This is perhaps the oddest of the Anne books, because it has the least Anne in it. Yet as a kid, I really enjoyed reading about the Meredith kids, so Rainbow Valley had a winning way about it for me. And surprisingly, as an adult, this book still holds up for me, though there were a few startling moments I did not remember.
John Meredith is the new minister for the Four Winds Presbyterian Church, and he brings with him a lively and spirited family: cranky old aunt Martha who can’t cook or keep house; Jerry, a mischievous and lively boy; Faith, a pretty and quick-tempered girl; Una, who is wistful and shy; and Carl, a scientist in the making. His wife has died and his unparented and uncared-for children are the talk of Four Winds. Their scrapes and good humor ingratiate them with everyone, including the Blythe children, in whom they find kindred spirits. They then discover Mary Vance, an orphaned working girl, in a hayloft and find a place for her (I was not and have never been a fan of her. To quote Susan, she is a cat of another color). They all converge in Rainbow Valley, a magical place of imagination where Walter Blythe’s dreams of a Pied Piper point to the war ahead.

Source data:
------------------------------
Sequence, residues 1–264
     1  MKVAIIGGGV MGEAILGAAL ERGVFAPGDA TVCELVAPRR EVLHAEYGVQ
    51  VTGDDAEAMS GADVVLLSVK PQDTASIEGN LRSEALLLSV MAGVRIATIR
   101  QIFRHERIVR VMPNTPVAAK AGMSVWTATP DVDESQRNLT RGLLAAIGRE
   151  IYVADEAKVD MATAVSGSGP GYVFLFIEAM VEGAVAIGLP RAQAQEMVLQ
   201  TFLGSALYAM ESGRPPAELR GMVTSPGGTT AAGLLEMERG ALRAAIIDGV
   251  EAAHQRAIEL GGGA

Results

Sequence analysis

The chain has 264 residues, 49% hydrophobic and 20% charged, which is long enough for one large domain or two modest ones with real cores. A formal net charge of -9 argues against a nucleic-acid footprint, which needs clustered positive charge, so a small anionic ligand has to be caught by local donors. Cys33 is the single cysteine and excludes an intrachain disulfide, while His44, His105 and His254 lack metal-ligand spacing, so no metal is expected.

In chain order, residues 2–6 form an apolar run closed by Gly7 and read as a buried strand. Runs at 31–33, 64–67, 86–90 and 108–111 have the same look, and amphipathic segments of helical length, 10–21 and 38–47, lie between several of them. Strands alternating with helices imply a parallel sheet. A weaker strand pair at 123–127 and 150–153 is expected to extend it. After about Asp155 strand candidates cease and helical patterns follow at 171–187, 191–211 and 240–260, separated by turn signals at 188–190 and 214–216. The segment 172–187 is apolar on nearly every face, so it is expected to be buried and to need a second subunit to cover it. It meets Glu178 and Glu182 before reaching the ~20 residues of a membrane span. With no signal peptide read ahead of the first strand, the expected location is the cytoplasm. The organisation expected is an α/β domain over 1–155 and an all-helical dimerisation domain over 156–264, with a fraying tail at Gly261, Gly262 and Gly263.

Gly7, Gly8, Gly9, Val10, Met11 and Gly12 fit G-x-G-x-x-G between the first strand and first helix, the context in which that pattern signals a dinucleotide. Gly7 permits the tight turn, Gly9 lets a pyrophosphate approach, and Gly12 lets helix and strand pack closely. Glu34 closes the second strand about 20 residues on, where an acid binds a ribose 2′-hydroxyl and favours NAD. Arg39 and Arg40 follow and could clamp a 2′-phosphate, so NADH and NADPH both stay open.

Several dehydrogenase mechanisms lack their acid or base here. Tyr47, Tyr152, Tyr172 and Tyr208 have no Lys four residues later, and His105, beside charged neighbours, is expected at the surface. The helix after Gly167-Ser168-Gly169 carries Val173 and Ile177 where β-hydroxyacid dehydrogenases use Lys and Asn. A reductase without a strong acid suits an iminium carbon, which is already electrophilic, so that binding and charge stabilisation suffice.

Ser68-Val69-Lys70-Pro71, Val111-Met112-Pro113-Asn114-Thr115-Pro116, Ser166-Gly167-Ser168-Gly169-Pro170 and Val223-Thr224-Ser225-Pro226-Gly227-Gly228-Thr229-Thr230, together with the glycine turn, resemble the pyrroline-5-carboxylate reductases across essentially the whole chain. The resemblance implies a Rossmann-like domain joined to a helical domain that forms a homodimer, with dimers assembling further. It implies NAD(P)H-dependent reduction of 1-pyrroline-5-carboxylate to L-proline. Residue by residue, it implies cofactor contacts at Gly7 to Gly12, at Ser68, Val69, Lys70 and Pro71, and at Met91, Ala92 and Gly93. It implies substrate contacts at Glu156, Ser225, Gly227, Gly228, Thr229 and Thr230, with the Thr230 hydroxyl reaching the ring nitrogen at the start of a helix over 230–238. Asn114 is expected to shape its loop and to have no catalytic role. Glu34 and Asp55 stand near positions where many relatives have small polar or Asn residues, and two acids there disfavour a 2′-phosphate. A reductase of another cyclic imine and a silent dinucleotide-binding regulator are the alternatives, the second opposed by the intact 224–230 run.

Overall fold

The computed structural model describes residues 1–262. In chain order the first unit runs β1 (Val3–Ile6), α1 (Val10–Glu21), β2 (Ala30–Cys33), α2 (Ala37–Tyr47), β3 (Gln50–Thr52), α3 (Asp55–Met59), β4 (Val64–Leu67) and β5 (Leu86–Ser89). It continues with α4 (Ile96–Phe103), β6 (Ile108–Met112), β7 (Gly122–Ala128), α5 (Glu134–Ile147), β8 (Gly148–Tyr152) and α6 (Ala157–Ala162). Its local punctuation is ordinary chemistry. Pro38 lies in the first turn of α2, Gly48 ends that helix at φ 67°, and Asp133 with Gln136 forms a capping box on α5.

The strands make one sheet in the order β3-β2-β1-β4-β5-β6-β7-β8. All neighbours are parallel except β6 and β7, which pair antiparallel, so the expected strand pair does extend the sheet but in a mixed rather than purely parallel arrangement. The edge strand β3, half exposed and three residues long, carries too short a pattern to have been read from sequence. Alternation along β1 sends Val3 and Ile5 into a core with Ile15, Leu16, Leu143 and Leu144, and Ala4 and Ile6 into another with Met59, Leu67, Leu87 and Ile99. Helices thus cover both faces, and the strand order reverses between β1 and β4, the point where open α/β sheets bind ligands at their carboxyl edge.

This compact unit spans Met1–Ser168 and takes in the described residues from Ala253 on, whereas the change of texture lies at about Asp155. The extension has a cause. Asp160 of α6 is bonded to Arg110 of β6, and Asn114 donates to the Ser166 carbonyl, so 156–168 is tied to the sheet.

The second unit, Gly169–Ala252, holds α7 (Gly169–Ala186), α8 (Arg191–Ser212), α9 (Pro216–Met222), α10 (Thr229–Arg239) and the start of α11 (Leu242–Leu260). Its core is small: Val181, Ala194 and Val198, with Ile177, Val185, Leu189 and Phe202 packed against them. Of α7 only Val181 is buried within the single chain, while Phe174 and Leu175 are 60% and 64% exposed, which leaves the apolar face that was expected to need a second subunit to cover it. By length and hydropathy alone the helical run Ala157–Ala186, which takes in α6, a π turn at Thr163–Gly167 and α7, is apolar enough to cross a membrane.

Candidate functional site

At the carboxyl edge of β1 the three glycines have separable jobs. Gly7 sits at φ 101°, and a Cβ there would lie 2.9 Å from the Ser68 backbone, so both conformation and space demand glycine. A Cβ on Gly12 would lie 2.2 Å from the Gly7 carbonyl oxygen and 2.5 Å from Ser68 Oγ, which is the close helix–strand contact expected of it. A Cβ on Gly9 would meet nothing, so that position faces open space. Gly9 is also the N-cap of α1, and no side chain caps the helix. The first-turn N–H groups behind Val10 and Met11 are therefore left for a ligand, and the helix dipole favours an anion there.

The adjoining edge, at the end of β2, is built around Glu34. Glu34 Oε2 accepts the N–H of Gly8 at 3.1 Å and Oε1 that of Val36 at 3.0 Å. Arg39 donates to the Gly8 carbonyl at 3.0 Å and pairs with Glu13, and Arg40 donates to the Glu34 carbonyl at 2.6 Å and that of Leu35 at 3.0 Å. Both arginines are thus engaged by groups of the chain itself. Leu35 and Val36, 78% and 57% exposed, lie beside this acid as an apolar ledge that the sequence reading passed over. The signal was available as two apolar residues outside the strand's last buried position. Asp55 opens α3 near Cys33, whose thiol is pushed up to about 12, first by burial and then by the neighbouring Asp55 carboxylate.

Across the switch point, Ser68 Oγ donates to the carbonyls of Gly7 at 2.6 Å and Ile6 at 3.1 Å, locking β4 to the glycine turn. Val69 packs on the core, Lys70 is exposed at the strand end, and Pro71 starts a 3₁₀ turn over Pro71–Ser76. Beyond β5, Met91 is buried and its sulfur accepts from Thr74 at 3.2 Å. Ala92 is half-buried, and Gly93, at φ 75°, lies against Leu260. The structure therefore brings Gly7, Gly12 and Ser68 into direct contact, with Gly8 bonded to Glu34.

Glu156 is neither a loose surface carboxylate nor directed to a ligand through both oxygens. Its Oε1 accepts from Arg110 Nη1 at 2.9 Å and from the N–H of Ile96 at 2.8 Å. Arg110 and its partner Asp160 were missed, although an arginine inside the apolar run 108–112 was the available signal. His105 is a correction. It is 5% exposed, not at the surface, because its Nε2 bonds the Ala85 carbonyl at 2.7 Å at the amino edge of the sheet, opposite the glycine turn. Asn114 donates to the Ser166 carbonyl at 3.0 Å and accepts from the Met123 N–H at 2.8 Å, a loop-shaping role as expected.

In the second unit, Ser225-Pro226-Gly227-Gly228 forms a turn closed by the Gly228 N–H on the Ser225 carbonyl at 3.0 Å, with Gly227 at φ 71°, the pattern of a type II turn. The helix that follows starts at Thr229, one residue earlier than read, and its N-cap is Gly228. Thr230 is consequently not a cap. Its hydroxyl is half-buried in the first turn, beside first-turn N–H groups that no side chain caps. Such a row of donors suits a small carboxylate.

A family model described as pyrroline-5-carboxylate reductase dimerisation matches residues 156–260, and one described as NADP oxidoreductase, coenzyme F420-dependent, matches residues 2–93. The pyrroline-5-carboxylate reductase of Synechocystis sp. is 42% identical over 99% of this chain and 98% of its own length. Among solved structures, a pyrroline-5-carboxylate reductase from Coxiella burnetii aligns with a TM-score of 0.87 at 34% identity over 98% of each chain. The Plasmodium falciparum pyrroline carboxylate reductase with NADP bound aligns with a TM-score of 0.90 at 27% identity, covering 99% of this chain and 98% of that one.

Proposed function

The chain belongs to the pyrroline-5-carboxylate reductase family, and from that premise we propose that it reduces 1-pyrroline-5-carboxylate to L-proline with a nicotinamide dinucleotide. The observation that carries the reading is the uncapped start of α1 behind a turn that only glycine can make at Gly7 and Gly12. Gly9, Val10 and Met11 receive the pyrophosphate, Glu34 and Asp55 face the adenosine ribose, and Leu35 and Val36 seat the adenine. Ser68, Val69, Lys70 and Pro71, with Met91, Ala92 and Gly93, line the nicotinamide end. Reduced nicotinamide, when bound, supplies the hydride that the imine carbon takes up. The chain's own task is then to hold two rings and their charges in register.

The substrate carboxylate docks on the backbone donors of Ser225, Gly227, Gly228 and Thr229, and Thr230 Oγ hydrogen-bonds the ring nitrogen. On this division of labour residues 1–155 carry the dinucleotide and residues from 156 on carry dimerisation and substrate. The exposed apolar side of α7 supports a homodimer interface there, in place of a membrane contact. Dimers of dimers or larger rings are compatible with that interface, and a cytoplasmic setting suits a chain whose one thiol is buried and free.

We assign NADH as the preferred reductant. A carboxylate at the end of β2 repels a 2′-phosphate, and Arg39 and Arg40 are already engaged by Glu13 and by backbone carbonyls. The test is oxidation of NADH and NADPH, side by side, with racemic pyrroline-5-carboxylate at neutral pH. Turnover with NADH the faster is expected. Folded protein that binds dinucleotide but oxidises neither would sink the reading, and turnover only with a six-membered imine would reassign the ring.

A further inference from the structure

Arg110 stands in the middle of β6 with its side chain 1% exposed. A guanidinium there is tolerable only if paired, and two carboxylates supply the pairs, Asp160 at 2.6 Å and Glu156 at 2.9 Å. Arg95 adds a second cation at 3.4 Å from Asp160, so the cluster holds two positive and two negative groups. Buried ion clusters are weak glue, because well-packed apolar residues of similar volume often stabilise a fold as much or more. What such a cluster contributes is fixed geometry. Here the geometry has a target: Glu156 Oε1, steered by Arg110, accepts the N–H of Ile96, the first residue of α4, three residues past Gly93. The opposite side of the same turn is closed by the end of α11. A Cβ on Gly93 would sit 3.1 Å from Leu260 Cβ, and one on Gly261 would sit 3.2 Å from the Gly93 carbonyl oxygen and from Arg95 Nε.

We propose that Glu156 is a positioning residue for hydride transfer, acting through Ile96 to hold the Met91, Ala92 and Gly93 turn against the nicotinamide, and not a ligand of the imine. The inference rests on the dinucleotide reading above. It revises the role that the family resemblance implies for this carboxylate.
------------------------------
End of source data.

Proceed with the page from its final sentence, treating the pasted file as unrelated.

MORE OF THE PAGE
I know that Faith is a golden child in in this book, but I’ve always been compelled by the braveness and intuition that Una possesses. She’s truly an old soul, and we so how very much she tries to care for her family in her own way, particularly her father. I always wished Una had gotten her due in the series a bit more.
Cross-posted to my blog.